Poll: Public looks down on lobbyists, but OK with firms using them

People in the United States are skeptical of businesses that use lobbyists, a new poll has found, but generally say it is acceptable for companies to look for advantages in Washington.

Just one in 10 respondents in the Public Affairs Pulse survey said they would think more positively of a corporation that employed lobbyists.

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But at the same time, strong majorities also said it was fine for companies to lobby to break into new markets or reduce costs, and a slim majority even supported the use of lobbying to lock up government funding.

Doug Pinkham, the president of the Public Affairs Council, which commissioned the survey, chalked that paradox up to respondents having more positive views about corporate America than about Washington lobbyists and the federal government.

“When you associate business behavior — when you associate anything — with Washington or politics, it smells bad,” Pinkham told The Hill. “Lobbying and lobbyist have become such pejorative terms.”

Two out of three respondents in the poll had favorable views of big companies, a slight uptick from the council’s 2011 poll. But at the same time, roughly 6 in 10 don’t believe the government can handle the major issues it currently faces.

The poll also found that people in the United States don’t like for companies to jump into politics.

In all, just 8 percent of respondents had a more favorable opinion of companies that explicitly backed a specific candidate, and 13 percent thought more highly of companies that supported a particular issue or policy.

The Supreme Court’s Citizens United decision and other recent court rulings have freed corporations and unions to spend unlimited amounts in political campaigns. That has given rise to super-PACs and nonprofit groups that receive anonymous funding.

Pinkham said the lesson for companies, given the poll numbers and the political landscape, is to be upfront about their political activities, rather than staying out of politics altogether.

“Smart companies know that politics is controversial, and that their employees likely reflect a cross section of American opinion,” Pinkham said. “If they are involved politically, there is more and more a need to talk about this to the world, to be transparent about it.”

The poll comes after a slew of other surveys have found the public deeply disappointed in what it sees as government gridlock, and in the midst of a negative campaign between President Obama and the presumptive GOP nominee, Mitt Romney.

The Public Affairs Council is a nonpartisan group that seeks to advise its membership — which includes Fortune 500 companies and advocates like the AARP and the U.S. Chamber of Commerce — on public-affairs issues.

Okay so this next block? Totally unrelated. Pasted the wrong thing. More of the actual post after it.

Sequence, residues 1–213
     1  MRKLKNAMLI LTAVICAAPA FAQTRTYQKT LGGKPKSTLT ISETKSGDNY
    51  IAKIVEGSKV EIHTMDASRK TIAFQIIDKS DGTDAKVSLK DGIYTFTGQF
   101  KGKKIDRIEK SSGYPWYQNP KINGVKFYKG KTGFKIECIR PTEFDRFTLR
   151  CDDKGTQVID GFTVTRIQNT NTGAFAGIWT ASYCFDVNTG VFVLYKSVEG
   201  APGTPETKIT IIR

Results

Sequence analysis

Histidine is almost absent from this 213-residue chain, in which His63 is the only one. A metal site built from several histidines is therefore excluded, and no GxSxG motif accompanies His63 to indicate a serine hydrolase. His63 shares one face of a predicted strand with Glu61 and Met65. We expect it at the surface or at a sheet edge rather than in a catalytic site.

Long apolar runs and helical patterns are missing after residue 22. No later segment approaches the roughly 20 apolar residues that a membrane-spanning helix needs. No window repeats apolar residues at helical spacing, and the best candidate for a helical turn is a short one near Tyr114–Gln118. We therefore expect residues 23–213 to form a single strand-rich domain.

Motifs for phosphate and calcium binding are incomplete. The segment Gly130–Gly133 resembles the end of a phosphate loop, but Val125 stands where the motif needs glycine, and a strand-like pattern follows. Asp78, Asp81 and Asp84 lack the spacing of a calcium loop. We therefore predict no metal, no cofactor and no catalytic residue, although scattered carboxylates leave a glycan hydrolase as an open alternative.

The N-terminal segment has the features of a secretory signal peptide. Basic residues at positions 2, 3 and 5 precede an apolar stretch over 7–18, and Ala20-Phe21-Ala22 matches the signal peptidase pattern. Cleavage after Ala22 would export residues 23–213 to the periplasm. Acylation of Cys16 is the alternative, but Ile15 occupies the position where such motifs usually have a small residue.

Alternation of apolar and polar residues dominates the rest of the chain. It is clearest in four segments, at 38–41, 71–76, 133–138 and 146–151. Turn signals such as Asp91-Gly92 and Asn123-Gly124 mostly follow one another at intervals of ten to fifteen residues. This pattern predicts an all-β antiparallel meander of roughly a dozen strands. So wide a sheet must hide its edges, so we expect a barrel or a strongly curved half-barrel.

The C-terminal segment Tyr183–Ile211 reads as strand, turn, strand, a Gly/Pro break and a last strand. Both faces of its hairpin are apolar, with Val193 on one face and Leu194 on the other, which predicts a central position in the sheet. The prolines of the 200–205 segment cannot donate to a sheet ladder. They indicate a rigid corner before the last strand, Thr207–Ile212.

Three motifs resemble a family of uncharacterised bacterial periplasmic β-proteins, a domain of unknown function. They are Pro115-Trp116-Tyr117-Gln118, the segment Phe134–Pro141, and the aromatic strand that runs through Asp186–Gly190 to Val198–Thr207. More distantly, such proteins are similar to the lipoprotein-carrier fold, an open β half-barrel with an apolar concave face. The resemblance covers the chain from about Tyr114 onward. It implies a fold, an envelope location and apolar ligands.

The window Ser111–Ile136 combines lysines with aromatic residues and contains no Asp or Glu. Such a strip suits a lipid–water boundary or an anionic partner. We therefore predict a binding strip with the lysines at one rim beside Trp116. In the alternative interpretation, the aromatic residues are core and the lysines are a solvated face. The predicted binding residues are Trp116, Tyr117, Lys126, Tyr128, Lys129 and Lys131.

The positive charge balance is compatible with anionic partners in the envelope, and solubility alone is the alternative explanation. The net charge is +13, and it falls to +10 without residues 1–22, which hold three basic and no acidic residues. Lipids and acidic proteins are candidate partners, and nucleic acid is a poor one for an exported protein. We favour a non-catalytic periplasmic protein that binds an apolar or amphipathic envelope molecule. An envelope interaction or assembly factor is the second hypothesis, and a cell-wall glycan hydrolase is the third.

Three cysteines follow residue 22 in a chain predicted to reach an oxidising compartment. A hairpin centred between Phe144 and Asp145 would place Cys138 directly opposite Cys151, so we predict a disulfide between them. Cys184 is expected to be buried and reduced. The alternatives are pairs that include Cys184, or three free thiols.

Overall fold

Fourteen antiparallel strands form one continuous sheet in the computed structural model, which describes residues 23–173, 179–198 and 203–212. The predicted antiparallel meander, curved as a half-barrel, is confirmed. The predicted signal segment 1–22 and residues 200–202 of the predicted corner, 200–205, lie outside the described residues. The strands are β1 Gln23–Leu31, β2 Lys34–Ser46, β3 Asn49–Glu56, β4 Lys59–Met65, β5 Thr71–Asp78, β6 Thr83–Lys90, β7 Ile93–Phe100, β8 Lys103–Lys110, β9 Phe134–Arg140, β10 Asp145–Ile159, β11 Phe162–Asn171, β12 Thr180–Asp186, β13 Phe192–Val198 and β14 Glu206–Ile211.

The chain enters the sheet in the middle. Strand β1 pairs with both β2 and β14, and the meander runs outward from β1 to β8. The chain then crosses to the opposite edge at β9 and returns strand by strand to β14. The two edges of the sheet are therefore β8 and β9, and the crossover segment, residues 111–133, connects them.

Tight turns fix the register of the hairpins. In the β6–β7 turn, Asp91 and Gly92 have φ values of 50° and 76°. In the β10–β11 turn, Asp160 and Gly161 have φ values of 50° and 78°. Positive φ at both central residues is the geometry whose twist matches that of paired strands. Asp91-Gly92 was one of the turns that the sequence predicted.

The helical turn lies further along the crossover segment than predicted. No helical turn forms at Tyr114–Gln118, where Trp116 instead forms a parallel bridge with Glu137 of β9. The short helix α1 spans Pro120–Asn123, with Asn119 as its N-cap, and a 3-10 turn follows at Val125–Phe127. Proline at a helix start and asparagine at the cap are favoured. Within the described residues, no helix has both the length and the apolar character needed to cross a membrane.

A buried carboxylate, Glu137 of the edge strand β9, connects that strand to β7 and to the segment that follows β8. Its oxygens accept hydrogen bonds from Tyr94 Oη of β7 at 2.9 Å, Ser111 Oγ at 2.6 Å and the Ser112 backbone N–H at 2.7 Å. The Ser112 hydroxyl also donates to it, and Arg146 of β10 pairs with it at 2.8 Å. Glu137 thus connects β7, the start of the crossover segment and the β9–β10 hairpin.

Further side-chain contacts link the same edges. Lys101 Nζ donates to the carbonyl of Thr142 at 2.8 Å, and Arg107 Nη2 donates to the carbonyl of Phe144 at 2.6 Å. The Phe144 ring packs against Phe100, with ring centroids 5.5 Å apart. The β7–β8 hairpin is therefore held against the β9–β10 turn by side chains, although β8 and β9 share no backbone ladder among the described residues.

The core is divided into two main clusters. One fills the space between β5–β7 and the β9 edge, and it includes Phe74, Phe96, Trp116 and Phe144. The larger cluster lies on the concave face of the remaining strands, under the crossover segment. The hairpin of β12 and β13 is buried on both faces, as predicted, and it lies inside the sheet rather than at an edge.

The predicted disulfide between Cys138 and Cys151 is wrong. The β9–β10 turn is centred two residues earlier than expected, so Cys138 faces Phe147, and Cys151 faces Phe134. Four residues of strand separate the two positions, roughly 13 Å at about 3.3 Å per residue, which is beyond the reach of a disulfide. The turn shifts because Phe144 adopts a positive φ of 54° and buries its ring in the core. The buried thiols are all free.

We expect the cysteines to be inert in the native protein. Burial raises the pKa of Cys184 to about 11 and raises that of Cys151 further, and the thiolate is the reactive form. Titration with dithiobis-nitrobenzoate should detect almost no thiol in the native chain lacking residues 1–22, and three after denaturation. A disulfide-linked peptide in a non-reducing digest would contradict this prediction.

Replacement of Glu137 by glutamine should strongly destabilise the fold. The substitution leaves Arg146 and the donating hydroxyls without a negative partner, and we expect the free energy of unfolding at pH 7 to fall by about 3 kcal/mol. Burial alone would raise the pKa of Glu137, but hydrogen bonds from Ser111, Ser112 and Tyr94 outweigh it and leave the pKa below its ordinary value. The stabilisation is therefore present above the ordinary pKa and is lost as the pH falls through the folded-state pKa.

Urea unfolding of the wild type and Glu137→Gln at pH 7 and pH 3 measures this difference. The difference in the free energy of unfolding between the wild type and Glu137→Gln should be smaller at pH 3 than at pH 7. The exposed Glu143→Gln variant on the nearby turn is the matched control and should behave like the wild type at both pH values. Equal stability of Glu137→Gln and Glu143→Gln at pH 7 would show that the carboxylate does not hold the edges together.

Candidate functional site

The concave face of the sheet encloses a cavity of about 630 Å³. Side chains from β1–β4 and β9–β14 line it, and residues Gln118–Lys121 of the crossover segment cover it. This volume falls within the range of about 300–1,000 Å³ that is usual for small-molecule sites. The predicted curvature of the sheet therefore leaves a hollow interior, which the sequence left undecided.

Princeton Survey Research Associates International conducted the group’s poll, which surveyed 1,750 adults around the country and had a margin of error of plus or minus 2.8 percentage points.

The poll also found that, while respondents might have a generally positive view of major companies, there is also stiff opposition to certain practices like outsourcing and hefty executive bonuses. Obama has slammed Romney for outsourcing, as part of a broader critique of the GOP candidate’s career in private equity.

According to the poll, the public would like to see the private sector take more of a financial stake in areas that have historically been the government’s responsibility, with at least six in 10 saying business should help out in areas like healthcare, education and disaster relief.

Respondents were split down the middle on whether private companies should take more of the responsibility for infrastructure like mass transit and roads.

People in the United States, the poll found, are also divided into roughly equal thirds on the question of whether there is too much regulation, too little or around the right amount. Congressional Republicans have made regulations a major target in recent months, with the House passing another bill on the issue last week.

But in drilling down deeper, the poll reported that roughly two in 10 respondents thought there was too much regulation in specific areas like the environment, banks and workplace safety.

That range of findings, Pinkham said, could serve as a cautionary tale for Democrats and Republicans on the campaign trail this year.

“For the president and Democrats, I think the data showed that people don’t dislike big companies as much as they think they do,” Pinkham said. “But I also don’t think people hate regulations as much as Republicans think they do.”

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